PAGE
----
GIMP is Free Software and a part of the GNU Project. In the free software world, there is generally no distinction between users and developers. As in a friendly neighbourhood, everybody pitches in to help their neighbors. Please consider the time you give in assistance to others as payment.
Ways in which you can help:
As you can see, anyone can help.
The team is currently busy working on v2.10. This will be the first release of GIMP featuring a new, advanced image processing engine, high bit depth editing, as well as new and improved transformation and selection tools.
Porting internals of GIMP to GEGL is mostly done, but more plugins have to be ported to GEGL, and GEGL needs to be made faster. If you are willing to help with that, please refer to the Porting filters to GEGL page to see what you could work on.
To get a better understanding of where the project is heading to, which features are planned etc., please visit the Roadmap page.
GIMP is not a bug-free application nor is any other application so reporting the bugs that you will encounter is very important to the development, it helps the developers to make GIMP more stable and more bug free.
You don’t have to be a developer or a everyday user to report bugs. It can be hard to report a bug the first time you try it out but don’t just quit the whole bug report if you think it is hard. Instead, look at the bugs page you will find some very good help about this.
Creating websites that contain useful information is very important. It is actually just as important as doing bug reports. A website contains a lot of information that is needed for the development to move on and it also contains information that will help the public to understand what the application is all about.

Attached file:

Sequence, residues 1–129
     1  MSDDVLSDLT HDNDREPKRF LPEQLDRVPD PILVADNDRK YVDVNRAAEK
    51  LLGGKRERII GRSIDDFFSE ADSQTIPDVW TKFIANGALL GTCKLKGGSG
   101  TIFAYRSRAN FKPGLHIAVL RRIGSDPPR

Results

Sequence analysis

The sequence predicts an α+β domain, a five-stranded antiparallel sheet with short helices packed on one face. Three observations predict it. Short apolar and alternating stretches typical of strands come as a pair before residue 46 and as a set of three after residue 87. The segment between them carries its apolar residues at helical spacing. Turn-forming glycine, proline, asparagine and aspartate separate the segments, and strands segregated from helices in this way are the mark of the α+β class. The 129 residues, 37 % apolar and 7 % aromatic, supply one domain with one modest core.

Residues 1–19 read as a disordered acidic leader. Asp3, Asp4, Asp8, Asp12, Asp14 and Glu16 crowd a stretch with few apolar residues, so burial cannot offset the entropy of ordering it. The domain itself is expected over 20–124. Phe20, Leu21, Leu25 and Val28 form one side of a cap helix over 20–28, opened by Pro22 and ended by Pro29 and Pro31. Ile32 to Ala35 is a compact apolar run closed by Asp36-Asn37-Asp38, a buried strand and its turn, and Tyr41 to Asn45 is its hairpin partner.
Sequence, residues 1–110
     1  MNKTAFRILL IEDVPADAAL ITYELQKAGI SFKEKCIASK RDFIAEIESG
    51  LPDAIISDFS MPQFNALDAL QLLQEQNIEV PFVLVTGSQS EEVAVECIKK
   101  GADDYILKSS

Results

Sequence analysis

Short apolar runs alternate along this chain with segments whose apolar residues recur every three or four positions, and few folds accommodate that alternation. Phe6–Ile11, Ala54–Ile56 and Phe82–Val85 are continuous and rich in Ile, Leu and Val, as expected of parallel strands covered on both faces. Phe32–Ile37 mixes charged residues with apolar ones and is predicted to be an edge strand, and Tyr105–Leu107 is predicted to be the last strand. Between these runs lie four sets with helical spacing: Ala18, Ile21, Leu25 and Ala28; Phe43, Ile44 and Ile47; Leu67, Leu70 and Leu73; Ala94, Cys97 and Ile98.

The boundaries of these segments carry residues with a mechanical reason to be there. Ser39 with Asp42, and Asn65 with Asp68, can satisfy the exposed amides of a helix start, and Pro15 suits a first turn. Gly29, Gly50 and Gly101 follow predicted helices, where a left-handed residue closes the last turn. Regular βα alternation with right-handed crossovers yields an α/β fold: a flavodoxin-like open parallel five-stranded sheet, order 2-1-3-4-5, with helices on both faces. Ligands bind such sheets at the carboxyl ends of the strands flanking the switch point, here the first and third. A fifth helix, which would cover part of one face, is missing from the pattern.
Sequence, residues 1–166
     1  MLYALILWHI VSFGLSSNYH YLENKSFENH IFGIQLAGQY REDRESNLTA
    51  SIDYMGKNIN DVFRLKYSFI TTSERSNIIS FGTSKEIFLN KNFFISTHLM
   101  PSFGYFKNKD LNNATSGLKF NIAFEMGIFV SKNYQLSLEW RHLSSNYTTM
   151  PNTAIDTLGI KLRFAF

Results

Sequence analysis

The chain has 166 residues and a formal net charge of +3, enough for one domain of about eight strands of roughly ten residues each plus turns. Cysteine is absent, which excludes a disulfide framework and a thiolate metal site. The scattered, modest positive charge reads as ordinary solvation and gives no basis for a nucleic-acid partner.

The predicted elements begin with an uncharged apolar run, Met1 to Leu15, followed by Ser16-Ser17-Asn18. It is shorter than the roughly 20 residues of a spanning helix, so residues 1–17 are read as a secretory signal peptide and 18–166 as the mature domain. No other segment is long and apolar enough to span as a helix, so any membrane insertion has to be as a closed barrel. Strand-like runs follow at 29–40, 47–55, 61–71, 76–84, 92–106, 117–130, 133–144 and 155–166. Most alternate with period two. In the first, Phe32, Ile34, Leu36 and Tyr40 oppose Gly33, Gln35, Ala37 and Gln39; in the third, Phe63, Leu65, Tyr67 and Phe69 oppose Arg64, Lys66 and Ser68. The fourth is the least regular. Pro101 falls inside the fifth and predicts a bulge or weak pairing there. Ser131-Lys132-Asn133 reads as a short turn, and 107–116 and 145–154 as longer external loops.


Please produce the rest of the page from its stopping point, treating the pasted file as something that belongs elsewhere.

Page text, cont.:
gimp- the GIMP application itself
gimp-web- repo for this website
gimp-web-devel- repo for the developer site at http://developer.gnome.org
gimp-help-2- the GIMP user manual
New contributors should first introduce themselves on IRC (the #gimp channel at irc.gimp.org) and/or the relevant mailing lists:
This way you can announce the changes you intend to make, ask questions, and discuss which changes would be best. It’s generally better to focus on one thing at a time. Contributing to a software project for the first time is always the hardest part, which is why we’re here to help each other. There are also websites to give you a good look at how hacking is being done in GIMP.
The site you should keep updated with and the site that is updated all the time with new development help guides is located at http://wiki.gimp.org/. If you have GIMP installed at the moment then there are some files you should look at in the source code that might help you a little.
Once you’ve figured out what to do, though, be bold and get to work!
The GIMP community is a friendly one, but it probably is still worth saying this: Try not to take critiques personally. We all just want GIMP to be the best that it can be. Once approved, your edits will be merged into the code base, making you an official GIMP contributor. And if you keep up the good work, not only will this process get easier with practice, your administrative privileges in GIMP development will also increase too.
The main GIMP development website.
An image processing library based on GObjects.
GNOME GIT source code repository
Martin Nordholts’ GIMP Blog (out of date)
What happens in GIMP development.
The Unstable GIMP page lists the lastest source code commits to the unstable branch of GIMP.